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Exploring Greensboro's Pet Sitting Magic: Engaging Games for Dogs

Need some engaging games to help your new puppy become a very good dog? Or does your older pup need a training refresher?

Engaging games for dogs

Meet Mac, the charming troublemaker who's a good dog- SOMETIMES! He has never had formal training other than a few puppy classes when he was a little guy. He knows the basics but sometimes he needs a refresher or just some fun ways to engage and learn. Whether your pet companion is a young pup or a wise old companion, we've got the perfect games to keep them entertained and learning.


Game #1 - The Name Game: Engaging in New Environments


All our dogs know their names, right? What about about while they're exploring new places (or at the dreaded vet)? The Name Game is especially good in a new environment with unfamiliar smells or sounds. Simply say your dog’s name and when he looks at you, give him a yummy cookie. You can repeat this several times but specifically until you have your dog's attention and he is consistently connected.



Game #2 - Give: Trading for Treats!


Picture this: your dog picks up something undesirable during a leisurely walk in Greensboro such as...(I can insert many words here for Mac's found treasures such as gum, chicken wings, and other less pleasant items). Dogs are opportunists by nature so you can count on your dog picking up something they shouldn’t at some point in their life. Fear not! The Give Game is your solution.


Start with your dog on a leash or in a small room where he can’t run away to avoid the catch-me-if-you-can scenario. Toss one of his favorite toys on the floor and when he picks it up, call him to you or reel him in on his leash gently. Take one hand and hold onto the toy and cue him to “Give” the toy to you. With your other hand present a treat to trade him for the toy. When he gives the toy, immediately praise him and give him the treat. Practice this as often as possible with toys and other items your dog may pick up - always remember whatever you trade with must be more enticing than the item in the dog’s mouth. To challenge his understanding of this game, give the cue and wait for the response before you bring out the cookie for a reward. Every dog can learn this!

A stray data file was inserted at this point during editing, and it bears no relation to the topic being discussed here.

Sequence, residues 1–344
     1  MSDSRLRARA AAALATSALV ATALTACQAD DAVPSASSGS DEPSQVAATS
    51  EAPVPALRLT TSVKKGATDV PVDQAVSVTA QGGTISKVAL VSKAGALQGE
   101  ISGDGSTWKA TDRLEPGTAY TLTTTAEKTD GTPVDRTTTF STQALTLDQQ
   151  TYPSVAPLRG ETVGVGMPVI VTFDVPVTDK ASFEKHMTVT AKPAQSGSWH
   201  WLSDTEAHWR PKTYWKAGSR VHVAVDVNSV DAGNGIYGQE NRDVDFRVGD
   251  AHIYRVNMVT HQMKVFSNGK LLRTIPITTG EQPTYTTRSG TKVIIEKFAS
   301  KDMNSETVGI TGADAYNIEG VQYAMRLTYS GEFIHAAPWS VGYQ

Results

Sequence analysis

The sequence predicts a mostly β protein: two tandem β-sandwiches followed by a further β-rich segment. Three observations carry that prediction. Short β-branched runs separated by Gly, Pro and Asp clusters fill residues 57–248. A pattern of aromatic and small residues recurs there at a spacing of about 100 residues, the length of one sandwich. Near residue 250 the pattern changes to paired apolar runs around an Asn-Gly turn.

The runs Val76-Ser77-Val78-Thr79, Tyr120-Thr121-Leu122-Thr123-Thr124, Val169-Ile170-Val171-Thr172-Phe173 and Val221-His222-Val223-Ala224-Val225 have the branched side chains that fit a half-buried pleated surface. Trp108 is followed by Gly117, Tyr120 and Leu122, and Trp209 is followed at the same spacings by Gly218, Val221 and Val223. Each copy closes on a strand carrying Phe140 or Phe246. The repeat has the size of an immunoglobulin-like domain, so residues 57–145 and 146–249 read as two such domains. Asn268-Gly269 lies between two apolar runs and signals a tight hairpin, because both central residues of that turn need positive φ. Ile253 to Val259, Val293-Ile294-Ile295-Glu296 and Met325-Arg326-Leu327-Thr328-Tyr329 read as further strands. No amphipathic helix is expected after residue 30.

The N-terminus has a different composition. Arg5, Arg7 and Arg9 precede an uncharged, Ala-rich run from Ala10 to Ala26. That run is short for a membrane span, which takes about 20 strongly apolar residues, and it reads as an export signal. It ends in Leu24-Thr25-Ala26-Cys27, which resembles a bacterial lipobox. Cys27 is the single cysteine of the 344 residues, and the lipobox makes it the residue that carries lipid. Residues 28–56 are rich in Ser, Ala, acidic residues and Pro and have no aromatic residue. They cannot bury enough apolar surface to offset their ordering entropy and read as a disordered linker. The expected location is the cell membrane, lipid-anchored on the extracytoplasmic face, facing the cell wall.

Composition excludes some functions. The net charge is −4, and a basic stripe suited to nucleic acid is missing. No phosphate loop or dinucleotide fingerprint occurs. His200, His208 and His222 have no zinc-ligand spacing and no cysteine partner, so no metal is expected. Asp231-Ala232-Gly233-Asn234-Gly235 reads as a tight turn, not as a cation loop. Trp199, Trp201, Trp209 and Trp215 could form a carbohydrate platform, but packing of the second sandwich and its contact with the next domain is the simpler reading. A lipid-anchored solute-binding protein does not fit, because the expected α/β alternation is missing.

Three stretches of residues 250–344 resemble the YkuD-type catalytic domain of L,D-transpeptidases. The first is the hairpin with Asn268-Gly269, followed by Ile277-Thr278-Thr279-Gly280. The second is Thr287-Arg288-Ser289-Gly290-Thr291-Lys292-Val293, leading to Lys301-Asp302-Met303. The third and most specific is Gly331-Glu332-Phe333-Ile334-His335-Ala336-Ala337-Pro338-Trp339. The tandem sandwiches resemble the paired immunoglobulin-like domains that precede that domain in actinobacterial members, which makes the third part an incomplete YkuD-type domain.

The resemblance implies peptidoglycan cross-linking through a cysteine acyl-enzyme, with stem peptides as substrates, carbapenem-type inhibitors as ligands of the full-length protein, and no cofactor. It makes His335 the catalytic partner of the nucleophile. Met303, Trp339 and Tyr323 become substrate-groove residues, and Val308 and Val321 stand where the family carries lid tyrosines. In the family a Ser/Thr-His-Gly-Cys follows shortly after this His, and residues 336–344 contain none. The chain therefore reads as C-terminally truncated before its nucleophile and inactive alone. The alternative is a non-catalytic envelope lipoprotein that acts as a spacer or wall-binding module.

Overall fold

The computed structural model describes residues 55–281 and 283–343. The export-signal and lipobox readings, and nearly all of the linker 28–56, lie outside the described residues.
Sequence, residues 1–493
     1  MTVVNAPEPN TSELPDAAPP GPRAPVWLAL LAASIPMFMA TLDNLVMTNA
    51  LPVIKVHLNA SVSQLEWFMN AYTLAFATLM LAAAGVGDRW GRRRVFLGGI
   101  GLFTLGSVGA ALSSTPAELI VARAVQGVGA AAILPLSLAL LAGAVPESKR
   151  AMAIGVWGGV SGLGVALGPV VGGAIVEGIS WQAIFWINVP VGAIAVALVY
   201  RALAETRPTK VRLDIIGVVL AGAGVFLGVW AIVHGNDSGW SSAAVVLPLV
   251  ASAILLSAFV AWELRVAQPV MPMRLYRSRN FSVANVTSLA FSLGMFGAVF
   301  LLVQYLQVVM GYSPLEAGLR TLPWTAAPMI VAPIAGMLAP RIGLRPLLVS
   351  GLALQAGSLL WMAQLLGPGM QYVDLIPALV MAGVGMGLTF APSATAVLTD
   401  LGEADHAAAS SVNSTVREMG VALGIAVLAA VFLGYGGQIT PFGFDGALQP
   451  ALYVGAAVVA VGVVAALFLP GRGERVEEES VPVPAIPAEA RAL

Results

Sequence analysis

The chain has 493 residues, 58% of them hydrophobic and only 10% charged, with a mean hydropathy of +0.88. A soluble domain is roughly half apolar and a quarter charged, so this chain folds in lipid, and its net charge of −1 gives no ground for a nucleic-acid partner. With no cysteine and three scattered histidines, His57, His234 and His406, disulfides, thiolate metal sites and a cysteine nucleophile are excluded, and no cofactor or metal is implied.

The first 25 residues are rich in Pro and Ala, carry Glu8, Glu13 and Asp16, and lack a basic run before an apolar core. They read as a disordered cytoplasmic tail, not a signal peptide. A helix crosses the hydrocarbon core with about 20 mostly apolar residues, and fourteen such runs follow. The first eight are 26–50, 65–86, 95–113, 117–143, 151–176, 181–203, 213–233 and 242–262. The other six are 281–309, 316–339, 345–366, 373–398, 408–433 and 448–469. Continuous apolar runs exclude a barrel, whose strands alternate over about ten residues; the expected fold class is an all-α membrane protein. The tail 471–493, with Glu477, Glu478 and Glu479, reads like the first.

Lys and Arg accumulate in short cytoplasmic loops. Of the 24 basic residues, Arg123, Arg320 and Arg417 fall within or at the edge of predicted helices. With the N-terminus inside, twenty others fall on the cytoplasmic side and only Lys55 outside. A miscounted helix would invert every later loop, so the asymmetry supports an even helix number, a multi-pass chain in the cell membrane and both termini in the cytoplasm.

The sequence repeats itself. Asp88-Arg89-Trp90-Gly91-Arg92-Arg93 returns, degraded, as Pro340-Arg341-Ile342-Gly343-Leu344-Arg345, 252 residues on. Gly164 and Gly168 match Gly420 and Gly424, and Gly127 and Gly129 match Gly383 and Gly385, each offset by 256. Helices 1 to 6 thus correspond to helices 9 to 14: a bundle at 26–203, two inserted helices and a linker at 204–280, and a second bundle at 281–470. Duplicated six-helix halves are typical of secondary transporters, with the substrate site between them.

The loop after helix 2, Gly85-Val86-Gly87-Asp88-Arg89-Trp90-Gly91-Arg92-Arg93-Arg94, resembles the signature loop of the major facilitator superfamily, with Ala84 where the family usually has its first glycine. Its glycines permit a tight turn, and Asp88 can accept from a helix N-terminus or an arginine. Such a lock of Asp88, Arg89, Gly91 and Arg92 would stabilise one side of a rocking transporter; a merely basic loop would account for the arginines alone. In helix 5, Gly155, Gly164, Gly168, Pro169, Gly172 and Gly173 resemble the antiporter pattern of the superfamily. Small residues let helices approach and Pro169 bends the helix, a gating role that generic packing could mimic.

Game #3 - The Treat Game: Bowls of Joy


This is an easy, entertaining game and you can raid that drawer full of random containers for supplies. Find some that nest inside each other. The bowls should either be the same size or ones that decrease in size (go from larger to smaller). Place a treat in the bottom container, then place the second container on top. Continue layering treats and containers. Include one treat in the top, open container to get your dog started. Be sure to do this under supervision so your dog does not try to eat the plastic containers (Mac needs lots of supervision). You can increase difficulty with additional containers, turning treat time into a mentally stimulating challenge.


Game #4 - Look at Me


This game was the first one I ever taught Mac. Even when he is at his most distracted, he turns to me when I say "Look at Me" (even if just for a nanosecond!). 'Look at Me" teaches your dog to give you eye contact. Hold a treat near your eye and ask your dog to look at you. Gradually phase out the treat and soon your pup will respond to a hand signal and verbal command. This fundamental behavior not only captivates distracted pups but also triggers a release of oxytocin (a hormone for attachment) in both you and your dog. Scientists call these “eye hugs.”


Remember, mental exercise is just as important as physical exercise to have a happy, healthy and engaged pup. Mac may have his favorites but the real fun lies in discovering which games your dog enjoys the most.

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